Bolivia political tensions reignite with arrest of ex-President Anez


Bolivia’s socialist government arrested former interim President Jeanine Anez on Saturday over involvement in an alleged 2019 coup, reigniting political tensions after deadly protests less than two years ago.

The move marks an escalation of hostilities between the current leftist administration and more conservative political opponents they accuse of ousting long-term leader Evo Morales.

“The political persecution has begun,” Anez said on Twitter on Friday ahead of her dawn arrest. “The MAS has decided to return to the styles of the dictatorship.”

Bolivia’s socialist government, which swept back to power in October last year, is seeking the arrest of a raft of officials in Anez’s right-wing former administration as well as ex-police and military leaders they allege fomented a coup.

Anez took power in late 2019 after Morales resigned amid widespread violent protests against his government over allegations he had stolen an election when running for an unprecedented – and unconstitutional – fourth term.

Morales and his supporters have long claimed he was forced out in a military-backed coup and have alleged involvement by foreign governments. Morales’ MAS socialist party returned to power in elections in October with President Luis Arce at the helm.

The arrests brought swift condemnation from the Americas director of Human Rights Watch, Jose Miguel Vivanco, who said the arrest warrants contained no evidence to support a claim of “terrorism”. “For that reason, they generate justifiable doubts about whether this is not a politically motivated process.”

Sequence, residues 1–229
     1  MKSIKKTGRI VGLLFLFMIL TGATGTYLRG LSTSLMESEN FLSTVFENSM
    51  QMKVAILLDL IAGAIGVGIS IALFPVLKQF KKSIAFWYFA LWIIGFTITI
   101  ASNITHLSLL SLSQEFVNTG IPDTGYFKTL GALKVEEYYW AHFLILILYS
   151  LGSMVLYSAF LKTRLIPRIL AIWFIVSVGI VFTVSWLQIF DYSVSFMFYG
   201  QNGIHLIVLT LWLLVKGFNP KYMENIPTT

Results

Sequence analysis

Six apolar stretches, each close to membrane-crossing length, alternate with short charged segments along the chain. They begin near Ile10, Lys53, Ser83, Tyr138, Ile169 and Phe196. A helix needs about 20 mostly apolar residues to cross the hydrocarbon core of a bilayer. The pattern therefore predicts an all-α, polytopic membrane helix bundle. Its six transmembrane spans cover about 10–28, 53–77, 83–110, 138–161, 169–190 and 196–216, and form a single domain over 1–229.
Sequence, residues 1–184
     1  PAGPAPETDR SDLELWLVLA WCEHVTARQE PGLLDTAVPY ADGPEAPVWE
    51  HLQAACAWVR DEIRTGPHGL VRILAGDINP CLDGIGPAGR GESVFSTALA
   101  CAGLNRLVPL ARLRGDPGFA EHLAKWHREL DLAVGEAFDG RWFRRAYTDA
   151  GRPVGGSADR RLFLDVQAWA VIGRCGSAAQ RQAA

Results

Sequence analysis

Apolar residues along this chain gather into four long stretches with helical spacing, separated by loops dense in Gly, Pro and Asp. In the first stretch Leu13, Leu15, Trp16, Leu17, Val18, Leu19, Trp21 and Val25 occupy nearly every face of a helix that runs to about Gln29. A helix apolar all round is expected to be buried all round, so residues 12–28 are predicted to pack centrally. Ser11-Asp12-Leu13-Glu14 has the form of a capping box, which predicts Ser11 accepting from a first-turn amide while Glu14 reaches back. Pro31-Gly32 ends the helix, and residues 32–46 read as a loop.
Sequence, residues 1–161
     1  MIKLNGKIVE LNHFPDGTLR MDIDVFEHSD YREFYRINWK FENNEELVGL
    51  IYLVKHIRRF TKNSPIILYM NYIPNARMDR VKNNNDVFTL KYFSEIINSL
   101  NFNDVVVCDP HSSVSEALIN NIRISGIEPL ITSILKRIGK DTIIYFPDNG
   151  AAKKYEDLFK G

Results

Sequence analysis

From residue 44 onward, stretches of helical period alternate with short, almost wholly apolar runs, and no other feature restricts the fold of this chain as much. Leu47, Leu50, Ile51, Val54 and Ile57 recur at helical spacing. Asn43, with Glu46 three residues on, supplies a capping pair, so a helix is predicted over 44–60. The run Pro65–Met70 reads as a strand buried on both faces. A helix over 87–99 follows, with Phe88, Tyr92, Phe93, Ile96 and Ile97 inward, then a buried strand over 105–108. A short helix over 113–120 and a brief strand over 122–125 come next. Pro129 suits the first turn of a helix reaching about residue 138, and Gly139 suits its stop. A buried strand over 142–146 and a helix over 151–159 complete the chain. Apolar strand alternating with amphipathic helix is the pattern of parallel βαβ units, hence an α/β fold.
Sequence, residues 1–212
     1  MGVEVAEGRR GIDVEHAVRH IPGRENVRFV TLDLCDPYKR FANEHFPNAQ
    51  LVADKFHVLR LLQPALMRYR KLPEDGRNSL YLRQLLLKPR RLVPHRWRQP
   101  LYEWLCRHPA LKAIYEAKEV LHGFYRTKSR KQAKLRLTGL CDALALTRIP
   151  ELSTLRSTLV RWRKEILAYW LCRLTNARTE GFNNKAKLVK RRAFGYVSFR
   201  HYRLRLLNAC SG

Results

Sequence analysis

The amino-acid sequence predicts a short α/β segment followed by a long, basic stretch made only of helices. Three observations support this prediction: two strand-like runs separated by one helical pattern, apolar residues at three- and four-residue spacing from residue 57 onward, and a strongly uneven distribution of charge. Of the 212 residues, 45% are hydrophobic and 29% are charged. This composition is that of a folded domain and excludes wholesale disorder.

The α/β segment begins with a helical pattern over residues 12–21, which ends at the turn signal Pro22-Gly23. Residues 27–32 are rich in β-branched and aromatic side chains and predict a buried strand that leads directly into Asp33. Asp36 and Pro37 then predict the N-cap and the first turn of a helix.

Government Minister Eduardo del Castillo said on Saturday that the Public Prosecutor’s Office issued an arrest warrant for Anez “due to the case of a coup in our country”.

He said the investigation against Anez and her ministers began in December and would follow due process. He confirmed the arrest along with that of Anez of her former justice minister Álvaro Coimbra and former energy minister Rodrigo Guzmán.

“There is no political persecution on our part here, and we do not fear anyone who thinks differently,” he told a news conference. “What the government is doing is making sure justice exists in our country.”

On Friday evening, Anez shared a link to the arrest warrant on social media, which included her name and those of many of her former Cabinet and said it contained allegations of terrorism and sedition against them.

Morales won the 2019 election but it was later annulled after international organisations including the Organization of American States (OAS) alleged it was fraudulent.

Anez rejected the claim she helped orchestrate a coup. “It was constitutional succession due to electoral fraud,” she wrote on Twitter on Friday.

Her 11-month caretaker administration took Bolivia in a sharply different direction to Morales and had itself detained some members of Morales’ previous government.

Arce, Morales’ former economy minister, won the presidency in a landslide election, enabling Morales to return from exile.

Last week, Morales tweeted in reference to the post-election violence in 2019: “For a democracy with human rights, it is important to erradicate acts of violence like those in November 2019 and investigate violent groups and their regional leaders and submit them to justice.” He has not commented on the arrest of Anez or her ministers.

Bolivian prosecutors are also seeking to arrest two former commanders accused by the current government of involvement in the purported coup against Morales. The military had urged Morales to resign during the protests in 2019.

A prosecutor issued arrest warrants on Thursday for former police chief Yuri Calderón and former Armed Forces commander Williams Kaliman over allegations of terrorism, sedition and conspiracy.

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